UNITED STATES DISTRICT COURT EASTERN DISTRICT OF MISSOURI EASTERN DIVISION KINDELLA WALNY, Plaintiff, v. CAROLYNW. COLVIN, Acting Commissioner of Social Security, Defendant. ) ) ) ) ) ) ) ) ) ) No. 4:14CV1684 RLW MEMORANDUM AND ORDER This is an action under 42 U.S.C. § 1383(c)(3) for judicial review of Defendant's final decision denying Plaintiffs application for Supplemental Security Income ("SSI") under Title XVI of the Social Security Act. For the reasons set forth below, the Court reverses the decision of the Commissioner and remands for further proceedings. I. Procedural History On August 22, 2011, Plaintiff protectively filed an application for Supplemental Security Income. (Tr. 16, 140-45) Plaintiff alleged that she became unable to work on June 1, 2010 due to diabetes, seizures, asthma, depression, bipolar disorder, learning disability, migraines, diverticulitis, polycystic ovaries, and obesity. (Tr. 86, 140) The application was denied, and Plaintiff filed a request for a hearing before an Administrative Law Judge ("ALJ''). (Tr. 84-89, 92-94) On March 7, 2013, Plaintiff testified at an administrative hearing before an ALJ. (Tr. 4082) On April 29, 2013, the ALJ determined that Plaintiff had not been under a disability since August 22, 2011, the date the application was filed. (Tr.16-29) Plaintiff then filed a request for review, and on August 13, 2014, the Appeals Council denied Plaintiffs request. (Tr. 3-5) Thus, the decision of the ALJ stands as the final decision of the Commissioner. II. Evidence Before the ALJ At the March 7, 2013 hearing before the ALJ, Plaintiff was represented by counsel. Plaintiffs attorney listed Plaintiffs severe impairments as a seizure disorder, history of migraines, mental impairments, depression, anxiety, and history of reported panic attacks. The ALJ then questioned the Plaintiff, who testified that she was born March 8, 1980. She weighed 350 pounds and measured 5 feet 2 inches. She stated that she previously had carpal tunnel release surgery on both hands. However, the pain and limitation were returning. Plaintiff was divorced with three children, ages 15, 13, and 6. She lived in a house with her children and her boyfriend. Plaintiff received child support payments, and one child received SSL Plaintiff had a driver' s license, but doctors told her not to drive. (Tr. 42-48) Plaintiff further testified that she received her GED and obtained pharmacy tech certification from a trade school. However, she never used her certification to work in that field. Plaintiff previously volunteered at her kids' school. During the hearing, Plaintiff began crying and explained that she had been a volunteer fire fighter since she was 15, and she used to do emergency management. However, she was unable to do anything now. Plaintiff stated that she also worked as a dispatcher. She previously drove fire trucks but could no longer do so because of her seizure disorder that was diagnosed in 2010. Plaintiff testified that she stopped working due to terrible headaches and leg pain. The bad headaches led to the seizures. Plaintiff was also having problems with her children at the time. Two of her children had cystic fibrosis. Plaintiff was in the hospital the night before the hearing with dehydration and kidney problems. The ALJ noted that Plaintiffs earnings did not show substantial gainful activity. However, Plaintiff believed she worked over 20 hours a week for over a year. (Tr. 48-52) 2 As a dispatcher and jailer, Plaintiff checked in new inmates and supervised them. She quit that job because of her condition. In 2000, Plaintiff worked at Little Caesar' s pizza restaurant as an assistant manager. She made pizza, did the bank roll, and made the work schedules. She left that job because of her kids and their needs. (Tr. 52-54) Plaintiff testified that she was unable to work due to seizures. The doctors were unable to find the right medication, and they had discussed a surgical procedure. Plaintiff underwent a spinal tap every 30 days, which was painful and made her sick. Plaintiff suffered from asthma and allergies, as well as sleep apnea. Dr. Choudhary treated for her migraine headaches and prescribed medication for the symptoms. She took Neurontin for the carpal tunnel syndrome and Imitrex and Amitriptyline for seizures. Plaintiff also had a prescription for Topamax. Plaintiff was diagnosed with diabetes. She testified that her legs recently became more swollen and painful. She wore Ted hose and kept her legs elevated. Plaintiff stated that she sometimes became mad and stopped taking her medications until her symptoms returned. (Tr. 54-62) Plaintiff testified that she experienced migraine headaches daily. When the migraines were debilitating, lights and sounds would cause her to shut down, and she could feel her heartbeat in her head. These severe migraines occurred about twice a week, and she would go in her room and lay down. If her medication did not work, she would experience a bad seizure. Her two sons with cystic fibrosis were old enough to take their medications. When they were younger, they were frequently in the hospital. (Tr. 62-64) Plaintiff stated that she had pain in her hands and in her lower back and legs on a daily basis. Her legs went numb when she sat, and a doctor advised her to elevate her legs. Plaintiff testified that she previously cleared out a wooded area for her wedding which did not occur. She 3 could carry a bag of groceries or a 12 pack of soda. She had difficulty remembering things and could not follow directions. Her children and boyfriend sometimes aggravated her. (Tr. 64-67) Plaintiffs attorney also questioned Plaintiff about her impairments. Plaintiff stated that she had pain and swelling in her legs which made it difficult to stand. She experienced pain in her lower back and across her hips. She was able to stand longer if she leaned on something. She believed she could stand for 10 or 15 minutes before needing to sit down. Plaintiff had seizures once or twice a week, even though she took her medication regularly. During a seizure, Plaintiff passed out and shook. The seizures lasted less than a minute, and Plaintiff felt frozen and numb after. She returned to normal after a few minutes, but she was usually tired and had a headache. Plaintiff stated that the pressure on her head caused pressure on her eyes and affected her vision. (Tr. 67-71) Upon further questioning by the ALJ, Plaintiff testified that her boyfriend and mother cooked the meals. Her mother did the laundry, and her kids made the beds. Plaintiff was able to pick up sometimes. She did the dishes while sitting in a chair. Plaintiff tried to shop for groceries. She went shopping with her mother, and the trip lasted a couple hours. Plaintiff s children helped carry in the bags. Plaintiff tried to help her children with homework. (Tr. 71-72) A vocational expert ("VE") also testified at the hearing. The VE stated that Plaintiffs past work as a radio dispatcher at the city jail was sedentary work. However, her duties as a corrections officer was rated medium work. Pizza baker was also medium work, and her other duties at the pizza restaurant fit into the category of hostess and rated as light work. (Tr. 73-75) The ALJ then asked the VE to assume a hypothetical individual with Plaintiffs past work who was able to perform light work, including standing and walking six hours during an eighthour work day. The person could sit for two hours and should avoid concentrated exposure to 4 temperature extremes, dust, fumes, gases, odors, and smoke. Further, the individual could perform simple work and could interact appropriately with co-workers, supervisors, and the public. The person could sustain a routine and maintain attendance with normal breaks. Given this hypothetical question, the VE testified that the individual could not perform any of Plaintiffs past jobs. However, the person could work as a photocopying machine operator, coffee roaster helper and garment sorter. None of these jobs required driving. (Tr. 75-77) The second hypothetical involved a person limited to performing sedentary work, which would also be simple, unskilled work. The person could stand and walk two hours and sit six hours with normal breaks. In addition, the individual could sustain a routine and interact appropriately with co-workers and supervisors. However, the person could have no more than casual or limited public contact. Further, the hypothetical individual needed to avoid concentrated exposure to temperature extremes, dust, fumes, gases, odors, and smoke but could otherwise sustain a normal eight-hour work day. The VE stated that the person could work as a surveillance systems monitor, a cutter and paster of press clippings, and a bonder semiconductor in the electronic component industry. If the ALJ added only occasional gross and fine manipulations and absenteeism three or more days per month, no jobs would be available. (Tr. 77-80) The Plaintiffs attorney then asked the VE to also assume the hypothetical individual would need additional breaks and would be off task in the workplace in excess of 20 percent of the time. The VE answered that an employer would not accept a probationary employee being off task that amount. (Tr. 81 ) In a Function Report - Adult, Plaintiff reported that on a typical day she woke up late, took her medication, and tried to get her kids ready for school. She usually had a seizure and a 5 headache after they left. She went back to bed and would get up between 1:00 and 2:00 in the afternoon. If she did not have another seizure, she tried to do chores or take a shower. When her kids returned home, she tried to help with homework, but she was usually in bed because the seizures made her tired. Plaintiff took care of her children and a dog. She had problems sleeping. Plaintiff needed reminders to take her medication. She was able to make sandwiches and frozen meals daily. She sat on the floor to do laundry, and she cleaned when her boyfriend was around. Plaintiff rarely went out because she had a seizure in her garden once. She was not supposed to drive. Plaintiff was able to shop for groceries and cleaning supplies twice a month. She could no longer participate in hobbies and interests. However, she spent time with her boyfriend, his mother, and his stepfather. Plaintiff reported that she needed reminders for appointments. Her family disowned her because she was hateful and mean. Plaintiff stated that her conditions affected her ability to talk, concentrate, and get alone with others. Her ability to pay attention and follow written and spoken instructions depended on whether she had seizures. Plaintiff further reported that she did not handle stress or changes in routine very well. (Tr. 18492) Plaintiffs friend, Verna Franks, also completed a Function Report - Adult - Third Party. Ms. Franks stated that she spent a lot of time with Plaintiff and helped with the cooking. Plaintiff was able to do dishes, laundry, and some cooking. However, she was unable to do anything if she had too many seizures. Plaintiff did not go outside much. She was able to shop for food, clothes, medication, and family necessities. Plaintiff could watch TV, use the computer, and go fishing so long as she was not having a seizure. Ms. Franks opined that Plaintiffs conditions affected all of her abilities because of the seizures. (Tr. 199-206) 6 III. Medical Evidence Dr. M. Choudhary treated Plaintiff between 2011 and 2013. (Tr. 608-11, 665-68, 74256) She first saw Dr. Choudhary on May 12, 2008, and he assessed bilateral carpal tunnel syndrome, with the right worse than the left. (Tr. 751-53) On November 17, 2011, Plaintiff complained of seizures over the past two years. Plaintiff reported experiencing seizures three to four times a month, during which times she would pass out and her body would stiffen with not much shaking. (Tr. 755-56) On May 5, 2012, Dr. Choudhary performed an EEG, which was abnormal and consistent with a seizure disorder. (Tr. 749) Plaintiff underwent a spinal tap on August 23, 2012. She reported having seizures once or twice a month lasting a couple minutes. Plaintiff would pass out, her body would stiffen, and she would shake. She was tired after waking up. Plaintiff also reported daily headaches that were accompanied by nausea and a history of photophobia and phonophobia when severe. In addition, Plaintiff mentioned numbness and tingling in her hands and feet, as well as some memory problems. Dr. Choudhary planned to conduct a spinal tap and multiple sclerosis workup. (Tr. 665-67) On November 19, 2012, Plaintiff complained of a constant headache, pressure in her head, and blurred vision. Her pinprick sensation decreased in her feet and lower legs. Dr. Choudhary again planned to perform a spinal tap, as Plaintiffs headaches improved after the spinal tap in August, 2012. (Tr. 608-10) Dr. Choudhary completed a Seizure Questionnaire on January 25, 2013. He described Plaintiffs seizures as generalized tonic-clonic complex partial seizures of variable duration with stress as a trigger. He did not know whether Plaintiff had any warning signs. After a seizure, Plaintiff should sit or lie down to avoid falling. In addition, Dr. Choudhary opined that the number of days of work missed per month would vary. Medications helped, but did not control, Plaintiffs seizures. (Tr. 803) 7 On that same date, Dr. Choudhary completed a Medical Source Statement - Physical. He opined that Plaintiff could lift and/or carry 50 pounds frequently and over 50 pounds occasionally. She could stand and/or walk for 2 hours continuously and 6 hours throughout the work day. Further, Dr. Choudhary opined that Plaintiff could sit continuously for 3 hours and could sit through an 8 hour work day for 7 hours. Plaintiff had no limitations on her ability to push and/or pull. She should never climb. With regard to environmental factors, Dr. Choudhary stated that Plaintiff should avoid any exposure to hazards and heights; moderate exposure to vibration; and concentrated exposure to extreme cold, extreme heat, weather, wetness/humidity, and dust/fumes. Plaintiff had variable pain from headaches which would require her to lie down or recline during a work day. Her pain medication could cause a decrease in concentration. (Tr. 800-01) Also on January 25, 2013, Dr. Choudhary completed a Medical Source StatementMental. He stated that Plaintiff was moderately limited in her ability to understand and remember detailed instructions. She was also moderately limited in her ability to carry out detailed instructions; maintain attention and concentration for extended periods; perform activities within a schedule, maintain regular attendance, and be punctual with customary tolerances; sustain an ordinary work routine without special supervision; work in coordination with or proximity to others without being distracted by them; and complete a normal workday and workweek without interruption from psychologically based symptoms and to perform at a consistent pace without an unreasonable number and length of rest periods. Further, Dr. Choudhary opined that Plaintiff had moderate limitations in her ability to accept instructions and respond appropriately to criticism from supervisors and get along with co-workers or peers without distracting them or exhibiting behavioral extremes. With regard to adaptation, Dr. 8 Choudhary assessed Plaintiff as moderately limited in her ability to be aware of normal hazards and take appropriate precautions, travel in unfamiliar places or use public transportation, and set realistic goals or make plans independently of others. (Tr. 805-06) On August 11 , 2011 , Plaintiff saw Angela D. Gower, P.A., to discuss her recent problems with uncontrolled migraines and seizures. Plaintiff had stopped taking all of her medications, and her symptoms became exacerbated. Ms. Gower noted that Plaintiffs mood, affect, and behavior were normal. She assessed bipolar 2 disorder; seizure disorder; migraine; diabetes; dyspepsia; hypertension; diabetes mellitus, type 2; and asthma. Ms. Gower counseled Plaintiff on the potential hazards of suddenly stopping her medications. Ms. Gower planned to slowly restart Plaintiffs medications, which included Celexa, Larnictal, Topomax, Prilosec, Advair, and albuterol. (Tr. 833-35) On September 6, 2011 , additional medications included Trazodone, Zyrtec, Singulair, Diazepam, Symbicort, and Glucophage. (Tr. 376-80) On December 7, 2011 , Ms. Gower noted that Plaintiff had been referred to psychiatry the previous month but insurance constraints were slowing the process. Plaintiff complained of unchanged and uncontrolled anxiety and depression. On exam, Plaintiff exhibited tenderness in her right sacrolliac joint. She was alert and her mood, affect, and behavior were normal. Ms. Gower increased Plaintiffs Celexa dosage. (Tr. 499-504) Plaintiff saw Sachin Thorat, M.D. on January 24, 2013 for complaints of seizures and headaches. Dr. Thorat noted a 2010 brain MRI that indicated a Chiari I malformation but was otherwise unremarkable. On physical exam, Plaintiff was cooperative and pleasant, with morbid obesity. Her mental status was normal, and she had normal light touch and pain in all four limbs. Dr. Thorat indicated that Plaintiff could have non-epileptic seizures and suggested inpatient EEG monitoring. Dr. Thorat instructed Plaintiff to continue seizure medications and avoid driving for 9 6 months after the most recent seizure with bodily loss of function. For her chronic daily headaches, Dr. Thorat prescribed Amitriptyline. (Tr. 906-15) IV. The ALJ's Determination In a decision dated April 29, 2013, the ALJ found that the Plaintiff had not engaged in substantial gainful activity since August 22, 2011 , the application date. Further, the ALJ determined that Plaintiffs severe impairments included degenerative disc disease ("DDD"); headaches; obesity; asthma; and allergies. The ALJ noted that Plaintiffs other alleged impairments of sleep apnea; seizures; diabetes mellitus; carpal tunnel syndrome; and bipolar disorder had no more than a minimal effect on her ability to work. Specifically, the ALJ found that Plaintiffs seizures were controlled when she took her medication as prescribed. Further, the pattern of treatment did not reflect a worsening. The ALJ noted that Plaintiffs carpal tunnel syndrome was only mild after successful surgery. With regard to sleep apnea, the ALJ found that conservative treatment showed significant improvement, and the record did not reflect significant complaints stemming from a sleep disorder. Further, the ALJ determined that Plaintiffs diabetes mellitus was not severe in that the record did not reflect a significant level of complications. With regard to Plaintiffs diagnoses of mental impairments, Plaintiff did not seek professional mental health care, and she merely received treatment through prescription medication, which had been generally effective. Thus, the ALJ found Plaintiffs bipolar disorder to be non-severe. (Tr. 16-21 ) The ALJ determined that Plaintiff did not have an impairment or combination of impairments that met or medically equaled the severity of one of the listed impairments in 20 C.F.R. Part 404, Subpart P, Appendix 1. After carefully considering the record, the ALJ found that Plaintiff had the residual functional capacity ("RFC") to perform sedentary work except for 10 certain nonexertional limitations that reduced Plaintiffs capacity for sedentary work. Plaintiff could perform simple, unskilled work; could only stand or walk for two hours total in an eighthour workday with normal breaks; could sit for six hours in an eight-hour day with normal breaks; could sustain a routine; could interact appropriately with co-workers and supervisors; could have limited social contact, defined as no more than casual or limited contact with the public; should avoid concentrated exposure to temperature extremes, dust, fumes, gases, odors, and smoke; and could sustain a normal eight-hour workday. (Tr. 21-27) The ALJ further determined that Plaintiff was unable to perform any past relevant work. However, considering her younger age, at least high school education, work experience, and RFC, the ALJ found that jobs existed in significant numbers in the national economy that Plaintiff could perform. These jobs included surveillance systems monitor; cutter and paster, press clippings; and bonder, semi-conductor. Thus, the ALJ concluded that Plaintiff had not been under a disability, as defined by the Social Security Act, since August 22, 2011 , the date Plaintiff filed her application. (Tr. 27-29) V. Legal Standards A claimant for social security disability benefits must demonstrate that he or she suffers from a physical or mental disability. The Social Security Act defines disability "as the inability to do any substantial gainful activity by reason of any medically determinable physical or mental impairment which can be expected to result in death or which has lasted or can be expected to last for a continuous period of not less than 12 months." 20 C.F.R. § 404.1505(a). To determine whether a claimant is disabled, the Commissioner engages in a five step evaluation process. See 20 C.F.R. § 404.1520(a)(4). Those steps require a claimant to show: (1) that claimant is not engaged in substantial gainful activity; (2) that she has a severe physical or 11 mental impairment or combination of impairments which meets the duration requirement; or (3) she has an impairment which meets or exceeds one of the impairments listed in 20 C.F.R., Subpart P, Appendix 1; (4) she is unable to return to her past relevant work; and (5) her impairments prevent her from doing any other work. Id. The Court must affirm the decision of the ALJ if it is supported by substantial evidence. 42 U.S.C. § 405(g). "Substantial evidence means less than a preponderance, but sufficient evidence that a reasonable person would find adequate to support the decision." Hulsey v. Astrue, 622 F.3d 917, 922 (8th Cir. 2010). "We will not disturb the denial of benefits so long as the ALJ's decision falls within the available zone of choice. An ALJ's decision is not outside the zone of choice simply because we might have reached a different conclusion had we been the initial finder of fact. " Buckner v. Astrue, 646 F.3d 549, 556 (8th Cir. 2011) (citations and internal quotations omitted). Instead, even if it is possible to draw two different conclusions from the evidence, the Court must affirm the Commissioner' s decision if it is supported by substantial evidence. See Young v. Apfel, 221 F.3d 1065, 1068 (8th Cir. 2000). To determine whether the Commissioner' s final decision is supported by substantial evidence, the Court must review the administrative record as a whole and consider: (1) the credibility findings made by the ALJ; (2) the plaintiffs vocational factors; (3) the medical evidence from treating and consulting physicians; (4) the plaintiffs subjective complaints regarding exertional and non-exertional activities and impairments; (5) any corroboration by third parties of the plaintiffs impairments; and (6) the testimony of vocational experts when required which is based upon a proper hypothetical question that sets forth the plaintiffs impairment. Johnson v. Chafer, 108 F.3d 942, 944 (8th Cir. 1997) (citations and internal quotations omitted). 12 The ALJ may discount a plaintiffs subjective complaints if they are inconsistent with the evidence as a whole, but the law requires the ALJ to make express credibility determinations and set forth the inconsistencies in the record. Marciniak v. Shala/a, 49 F.3d 1350, 1354 (8th Cir. 1995). It is not enough that the record contain inconsistencies; the ALJ must specifically demonstrate that she considered all the evidence. Id. at 1354. When a plaintiff claims that the ALJ failed to properly consider subjective complaints, the duty of the court is to ascertain whether the ALJ considered all of the evidence relevant to plaintiffs complaints under the Polaski 1 factors and whether the evidence so contradicts plaintiffs subjective complaints that the ALJ could discount the testimony as not credible. Blakeman v. Astrue, 509 F .3d 878, 879 (8th Cir. 2007) (citation omitted). If inconsistencies in the record and a lack of supporting medical evidence support the ALJ' s decision, the Court will not reverse the decision simply because some evidence may support the opposite conclusion. Marciniak, 49 F.3d at 1354. VI. Discussion In her Brief in Support of the Complaint, Plaintiff argues that the ALJ failed to properly determine Plaintiffs RFC because the ALJ afforded greater weight to a treating neurologist' s opinion yet failed to include all of the limitations set forth in that opinion. Plaintiff also contends that the ALJ failed to include all of Plaintiffs severe impairments at step two. Defendant asserts that the ALJ properly determined which impairments were severe and properly considered the 1 The Eight Circuit Court of Appeals "has long required an ALJ to consider the following factors when evaluating a claimant' s credibility: '(1) the claimant's daily activities; (2) the duration, intensity, and frequency of pain; (3) the precipitating and aggravating factors ; (4) the dosage, effectiveness, and side effects of medication; (5) any functional restrictions; (6) the claimant's work history; and (7) the absence of objective medical evidence to support the claimant's complaints. "' Buckner v. Astrue, 646 F.3d 549, 558 (8th Cir. 2011) (quoting Moore v. Astrue, 572 F.3d 520, 524 (8th Cir. 2009)) (citing Polaski v. Heckler, 739 F.2d 1320, 1322 (8th Cir. 1984)). 13 medical opinion evidence in formulating Plaintiffs RFC. The Court finds that the ALJ did not properly consider all of Plaintiffs severe impairments at step two, and the Court will remand this action for further proceedings. "Step two of the regulations involves a determination, based on the medical evidence, whether the claimant has an impairment or combination of impairments that significantly limits the claimant's ability to perform basic work activity." Page v. Astrue, 484 F.3d 1040, 1043 (8th Cir. 2007) (citing 20 C.F.R. §§ 404.1520(a)(4)(ii), 416.920(a)(4)(ii)). Under Social Security Ruling 96-3p, "an impairment that is 'not severe' must be a slight abnormality (or a combination of slight abnormalities) that has no more than a minimal effect on the ability to do basic work activities. SSR 96-3P, 1996 WL 374181 (S.S.A. July 2, 1996). " It is the claimant's burden to establish that [her] impairment or combination of impairments are severe." Kirby v. Astrue, 500 F.3d 705, 707-08 (8th Cir. 2007) (citation omitted). " [T]he burden is not a heavy one, and any doubt concerning whether the showing has been made must be resolved in favor of the claimant." Morris v. Astrue, No. 4:12CV189 LMB, 2013 WL 1282343, at *12 (E.D. Mo. Mar. 27, 2013) (citing Kirby, 500 F.3d at 707). Here, the medical evidence demonstrates that Plaintiffs seizure disorder had more than a minimal effect on her ability to perform basic work activities. Plaintiff was regularly treated for seizures by neurologists. In 2012, neurologist Dr. Choudhary noted that Plaintiffs EEG was abnormal and consistent with a seizure disorder. (Tr. 749) Additionally, Dr. Choudhary described Plaintiffs seizures as generalized tonic-clonic complex partial seizures of variable duration with stress as a trigger. While the ALJ found that Plaintiffs seizures were controlled by medication, her treating neurologist noted that medications helped but did not control her seizures. (Tr. 803) Neurologist Dr. Thorat instructed Plaintiff not to drive for 6 months after her 14 most recent seizure with bodily loss of function. He suggested inpatient EEG monitoring. (Tr. 914) Both neurologists diagnosed a seizure disorder based on objective testing, as well as Plaintiff's subjective complaints, and advised precautions for Plaintiff based on this disorder. (Tr. 803, 914) Plaintiff reported to both Dr. Choudhary and Dr. Thorat that during an episode she could not move and was tired and confused afterward. (Tr. 906, 665) Plaintiff testified that after a seizure she needed to lie down because she was fatigued and had a headache. (Tr. 70) Despite medical evidence from neurologists diagnosing Plaintiff with a seizure disorder and noting that medication did not control the seizures, the ALJ found Plaintiffs disorder was not severe. However, in light of the medical evidence and Plaintiffs subjective reports that she was tired, had a headache, was confused, and needed to lie down after, Plaintiffs seizure disorder would have more than a minimal effect on her disability. See Morris, 2013 WL 1282343, at *13. Thus, the Court finds that the ALJ erred by failing to properly evaluate the severity of Plaintiff's seizure disorder at step two. Id Therefore, the Court will reverse and remand this case to the ALJ to allow the ALJ to consider Plaintiffs seizure disorder as a severe impairment and its effect on her RFC. Plaintiff also argues that the ALJ failed to properly consider Plaintiffs mental impairments as severe at step two of the evaluation. Plaintiff specifically claims that the ALJ gave Dr. Choudhary' s mental evaluation greater weight, yet only assigned mild limitations to Plaintiffs ability to sustain concentration, persistence, and pace. The Court notes that Dr. Choudhary found moderate, not mild, limitations to Plaintiffs ability to sustain a normal routine and maintain attention and concentration for extended periods. (Tr. 805) On remand, the ALJ should also re-evaluate the severity of Plaintiffs mental impairments and their impact on Plaintiffs RFC. 15 With regard to Plaintiffs diabetes and migraine headaches, the Court finds that Plaintiff points to no evidence in her brief in support of the complaint or reply brief demonstrating that her diabetes would have more than a minimal effect on her ability to work. Thus, the ALJ properly found Plaintiffs diabetes to be nonsevere. (Tr. 19) Further, the record demonstrates that the ALJ did consider Plaintiffs headaches to be severe and discussed the evidence related to "migraine headaches" in the opinion. (Tr. 24) Therefore, contrary to Plaintiffs assertion, the Court finds that the ALJ properly assessed Plaintiffs migraine headaches as severe. In conclusion, the Court finds that the ALJ erred in determining that Plaintiffs seizure disorder was non-severe at step two. As such, the ALJ's RFC determination and the determination at step four are not supported by substantial evidence. Morris, 2013 WL 1282343, at *15. Thus, the Court will reverse and remand the case to the ALJ for further proceedings to consider Plaintiffs seizure disorder as severe and to re-evaluate Plaintiffs RFC in light of the medical and opinion evidence of record. Accordingly, IT IS HEREBY ORDERED that the final decision of the Commissioner denying social security benefits be REVERSED and REMANDED to the Commissioner for further proceedings consistent with this Memorandum and Order. An appropriate Order of Remand shall accompany this Memorandum and Order. Dated this 28th day of March, 2016. ~~ RONNIE L. WIIlTE UNITED STATES DISTRICT JUDGE 16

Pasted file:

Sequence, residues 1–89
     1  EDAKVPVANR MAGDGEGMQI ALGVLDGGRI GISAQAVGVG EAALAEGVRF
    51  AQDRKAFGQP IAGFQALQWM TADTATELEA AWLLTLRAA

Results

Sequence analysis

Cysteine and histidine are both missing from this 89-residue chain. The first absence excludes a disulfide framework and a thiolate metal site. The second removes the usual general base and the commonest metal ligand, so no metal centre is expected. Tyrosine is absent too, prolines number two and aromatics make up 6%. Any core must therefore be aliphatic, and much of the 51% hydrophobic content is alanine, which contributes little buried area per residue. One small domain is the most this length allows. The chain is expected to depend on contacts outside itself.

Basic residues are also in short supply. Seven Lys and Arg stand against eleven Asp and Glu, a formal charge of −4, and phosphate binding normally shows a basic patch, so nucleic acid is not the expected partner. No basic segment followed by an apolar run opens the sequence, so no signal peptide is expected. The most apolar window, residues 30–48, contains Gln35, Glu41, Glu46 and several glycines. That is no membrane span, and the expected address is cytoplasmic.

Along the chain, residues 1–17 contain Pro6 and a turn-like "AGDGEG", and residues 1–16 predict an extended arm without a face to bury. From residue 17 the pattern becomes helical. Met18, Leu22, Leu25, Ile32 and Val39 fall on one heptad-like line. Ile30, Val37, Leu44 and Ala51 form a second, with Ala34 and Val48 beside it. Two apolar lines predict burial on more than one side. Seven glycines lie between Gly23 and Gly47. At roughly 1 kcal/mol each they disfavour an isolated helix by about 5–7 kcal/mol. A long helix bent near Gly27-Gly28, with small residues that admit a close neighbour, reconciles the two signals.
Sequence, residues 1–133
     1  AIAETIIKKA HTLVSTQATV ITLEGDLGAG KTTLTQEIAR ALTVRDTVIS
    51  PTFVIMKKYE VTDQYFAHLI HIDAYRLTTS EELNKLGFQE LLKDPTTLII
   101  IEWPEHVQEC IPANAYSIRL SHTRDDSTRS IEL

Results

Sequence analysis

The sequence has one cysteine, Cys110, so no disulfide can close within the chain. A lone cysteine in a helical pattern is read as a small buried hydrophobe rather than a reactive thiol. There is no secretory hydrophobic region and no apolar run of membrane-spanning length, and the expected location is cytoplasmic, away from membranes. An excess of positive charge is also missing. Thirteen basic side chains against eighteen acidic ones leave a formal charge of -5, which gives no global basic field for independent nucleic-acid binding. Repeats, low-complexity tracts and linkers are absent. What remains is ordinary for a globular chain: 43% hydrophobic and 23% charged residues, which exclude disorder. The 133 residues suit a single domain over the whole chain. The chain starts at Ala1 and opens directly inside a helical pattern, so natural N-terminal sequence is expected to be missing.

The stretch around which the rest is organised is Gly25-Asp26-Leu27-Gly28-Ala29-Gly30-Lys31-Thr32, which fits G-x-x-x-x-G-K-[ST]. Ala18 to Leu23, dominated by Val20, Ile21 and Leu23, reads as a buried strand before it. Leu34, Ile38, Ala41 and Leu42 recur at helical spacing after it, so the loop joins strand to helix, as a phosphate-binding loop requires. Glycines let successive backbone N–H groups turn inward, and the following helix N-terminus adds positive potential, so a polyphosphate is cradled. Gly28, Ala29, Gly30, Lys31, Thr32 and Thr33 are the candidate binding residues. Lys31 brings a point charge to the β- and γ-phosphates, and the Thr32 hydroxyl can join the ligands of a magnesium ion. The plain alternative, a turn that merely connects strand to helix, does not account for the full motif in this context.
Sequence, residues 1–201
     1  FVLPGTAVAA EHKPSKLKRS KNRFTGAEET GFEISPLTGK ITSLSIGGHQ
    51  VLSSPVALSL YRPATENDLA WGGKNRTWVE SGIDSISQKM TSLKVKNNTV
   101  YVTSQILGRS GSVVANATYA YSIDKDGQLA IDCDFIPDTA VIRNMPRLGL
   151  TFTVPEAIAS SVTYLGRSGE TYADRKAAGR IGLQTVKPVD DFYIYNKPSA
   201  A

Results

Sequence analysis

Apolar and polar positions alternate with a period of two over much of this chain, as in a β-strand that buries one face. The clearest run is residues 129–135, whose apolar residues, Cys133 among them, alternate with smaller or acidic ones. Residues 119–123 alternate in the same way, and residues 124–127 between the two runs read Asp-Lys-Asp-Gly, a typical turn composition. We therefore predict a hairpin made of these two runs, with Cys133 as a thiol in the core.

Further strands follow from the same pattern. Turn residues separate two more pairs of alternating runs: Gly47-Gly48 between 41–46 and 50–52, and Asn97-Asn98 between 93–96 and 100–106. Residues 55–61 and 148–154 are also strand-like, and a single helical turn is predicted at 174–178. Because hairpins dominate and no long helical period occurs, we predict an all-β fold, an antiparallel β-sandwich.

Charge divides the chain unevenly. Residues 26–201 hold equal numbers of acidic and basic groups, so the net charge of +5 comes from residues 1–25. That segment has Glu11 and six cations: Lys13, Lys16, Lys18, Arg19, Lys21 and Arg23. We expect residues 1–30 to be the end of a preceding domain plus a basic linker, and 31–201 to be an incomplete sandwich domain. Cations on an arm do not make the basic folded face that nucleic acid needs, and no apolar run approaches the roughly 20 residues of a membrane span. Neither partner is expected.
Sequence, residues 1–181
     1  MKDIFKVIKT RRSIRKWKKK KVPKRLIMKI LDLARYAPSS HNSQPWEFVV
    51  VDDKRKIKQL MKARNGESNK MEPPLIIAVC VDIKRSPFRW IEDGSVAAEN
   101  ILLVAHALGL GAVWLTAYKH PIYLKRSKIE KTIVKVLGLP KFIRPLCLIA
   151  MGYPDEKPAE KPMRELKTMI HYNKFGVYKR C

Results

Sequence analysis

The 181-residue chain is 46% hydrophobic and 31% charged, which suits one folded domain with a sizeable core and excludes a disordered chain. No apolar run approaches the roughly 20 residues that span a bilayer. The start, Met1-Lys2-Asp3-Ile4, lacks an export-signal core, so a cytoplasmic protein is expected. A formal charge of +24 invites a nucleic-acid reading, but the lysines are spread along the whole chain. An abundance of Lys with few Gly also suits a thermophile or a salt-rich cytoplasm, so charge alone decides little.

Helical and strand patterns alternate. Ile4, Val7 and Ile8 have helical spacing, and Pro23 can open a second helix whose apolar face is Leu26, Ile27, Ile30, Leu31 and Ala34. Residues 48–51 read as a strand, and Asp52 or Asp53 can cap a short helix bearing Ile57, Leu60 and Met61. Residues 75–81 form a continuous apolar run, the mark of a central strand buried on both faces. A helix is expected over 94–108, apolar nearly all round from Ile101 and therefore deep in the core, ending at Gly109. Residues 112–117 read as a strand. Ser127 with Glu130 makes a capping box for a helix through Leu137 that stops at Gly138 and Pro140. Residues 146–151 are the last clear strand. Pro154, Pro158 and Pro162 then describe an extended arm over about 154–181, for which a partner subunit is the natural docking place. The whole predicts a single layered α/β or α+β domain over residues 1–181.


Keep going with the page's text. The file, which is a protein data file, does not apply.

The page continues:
Disclaimer: Justia Dockets & Filings provides public litigation records from the federal appellate and district courts. These filings and docket sheets should not be considered findings of fact or liability, nor do they necessarily reflect the view of Justia.

Why Is My Information Online?